COPYRIGHT

A portion of the disclosure of this patent document contains material which is subject to copyright protection. The copyright owner has no objection to the facsimile reproduction by anyone of the patent disclosure, as it appears in the Patent and Trademark Office patent files or records, but otherwise reserves all copyright rights whatsoever.

FIELD OF THE INVENTION

The present invention relates generally to gaming machines and methods for playing wagering games, and more particularly, to a wagering game having a basic game and a plurality of possible bonus game configurations available from a network.

BACKGROUND OF THE INVENTION

Gaming machines, such as slot machines, video poker machines and the like, have been a cornerstone of the gaming industry for several years. Generally, the popularity of such machines with players is dependent on the likelihood (or perceived likelihood) of winning money at the machine and the intrinsic entertainment value of the machine relative to other available gaming options. Where the available gaming options include a number of competing machines and the expectation of winning at each machine is roughly the same (or believed to be the same), players are likely to be attracted to the most entertaining and exciting machines. Shrewd operators consequently strive to employ the most entertaining and exciting machines, features, and enhancements available because such machines attract frequent play and hence increase profitability to the operator. Therefore, there is a continuing need for gaming machine manufacturers to continuously develop new games and improved gaming enhancements that will attract frequent play through enhanced entertainment value to the player.

One concept that has been successfully employed to enhance the entertainment value of a game is the concept of a “secondary” or “bonus” game that may be played in conjunction with a “basic” game. The bonus game may comprise any type of game, either similar to or completely different from the basic game, which is entered upon the occurrence of a selected event or outcome in the basic game. Generally, bonus games provide a greater expectation of winning than the basic game and may also be accompanied with more attractive or unusual video displays and/or audio. Bonus games may additionally award players with “progressive jackpot” awards that are funded, at least in part, by a percentage of coin-in from the gaming machine or a plurality of participating gaming machines. Because the bonus game concept offers tremendous advantages in player appeal and excitement relative to other known games, and because such games are attractive to both players and operators, there is a continuing need to develop gaming machines with new types of bonus games to satisfy the demands of players and operators.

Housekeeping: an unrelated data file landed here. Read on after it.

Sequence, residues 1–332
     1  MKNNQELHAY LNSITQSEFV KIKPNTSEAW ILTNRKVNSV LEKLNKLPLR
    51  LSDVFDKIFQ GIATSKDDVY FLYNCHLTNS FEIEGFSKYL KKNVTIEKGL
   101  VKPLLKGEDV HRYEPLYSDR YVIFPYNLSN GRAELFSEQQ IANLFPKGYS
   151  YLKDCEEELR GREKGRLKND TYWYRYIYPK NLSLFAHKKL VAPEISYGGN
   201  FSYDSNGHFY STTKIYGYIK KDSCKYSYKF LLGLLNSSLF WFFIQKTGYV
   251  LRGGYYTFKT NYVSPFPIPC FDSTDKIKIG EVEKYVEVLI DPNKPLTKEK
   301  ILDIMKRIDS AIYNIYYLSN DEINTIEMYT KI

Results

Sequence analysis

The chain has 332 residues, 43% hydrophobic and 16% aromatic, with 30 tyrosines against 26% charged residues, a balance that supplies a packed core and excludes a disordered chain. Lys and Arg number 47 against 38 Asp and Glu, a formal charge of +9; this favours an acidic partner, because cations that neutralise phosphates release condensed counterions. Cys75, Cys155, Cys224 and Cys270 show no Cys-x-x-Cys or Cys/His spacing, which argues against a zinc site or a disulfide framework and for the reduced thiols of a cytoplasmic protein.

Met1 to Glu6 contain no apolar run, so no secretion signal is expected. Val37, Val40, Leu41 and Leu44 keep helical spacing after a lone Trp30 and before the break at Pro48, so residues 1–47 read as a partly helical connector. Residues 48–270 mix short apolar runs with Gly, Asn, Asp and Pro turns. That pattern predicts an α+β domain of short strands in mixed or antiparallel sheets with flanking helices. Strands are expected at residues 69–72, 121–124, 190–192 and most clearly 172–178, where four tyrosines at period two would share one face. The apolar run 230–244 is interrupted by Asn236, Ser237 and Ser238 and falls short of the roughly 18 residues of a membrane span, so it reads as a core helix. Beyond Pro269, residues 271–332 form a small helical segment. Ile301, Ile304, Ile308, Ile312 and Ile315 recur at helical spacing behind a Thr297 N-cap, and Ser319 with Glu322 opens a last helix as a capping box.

However, in many current wagering games that include one or more bonus games, the bonus games are tied to the wagering game. In other words, a player playing the basic game will always encounter the same bonus games. There is not any variety in the types of bonus games offered, which can make the game less interesting for the player.

SUMMARY OF THE INVENTION

According to one embodiment of the present invention, a method for selecting a bonus game from a plurality of bonus games is provided. Each of the plurality of bonus games has associated bonus game instructions. The method includes determining a bonus game outcome having an expected value and determining a set of criteria necessary to present the bonus game outcome. One of the plurality of bonus games is selected such that the selected bonus game meeting the set of criteria.

According to another embodiment of the present invention, a network for playing wagering games is provided and includes a memory for storing a plurality of bonus games. A gaming machine is coupled to the memory. In response to a first predetermined event, the gaming machine receives a first one of a first group of bonus games. In response to a second predetermined event, a second one of a second group of bonus games is received by the gaming machine. The first group of bonus games has characteristics that are different from the second group of bonus games.

According to yet another embodiment of the present invention, a gaming system for playing a wagering game is provided and includes a memory storing a plurality of bonus-game instructions for presenting a bonus game outcome. A gaming machine is remotely located from, and coupled to, the memory. The gaming machine is for playing a wagering game and has a randomly selected outcome. A display for displaying the wagering game is included in the gaming machine. The gaming machine receives a selected one of the plurality of bonus-game instructions from the memory in response to a predetermined event. In response to the randomly selected outcome of the wagering game being a bonus-game-triggering outcome, the gaming machine executes the selected one of the plurality of bonus-game instructions and applies math data that is distinct from the bonus game instructions to present the bonus game on the display.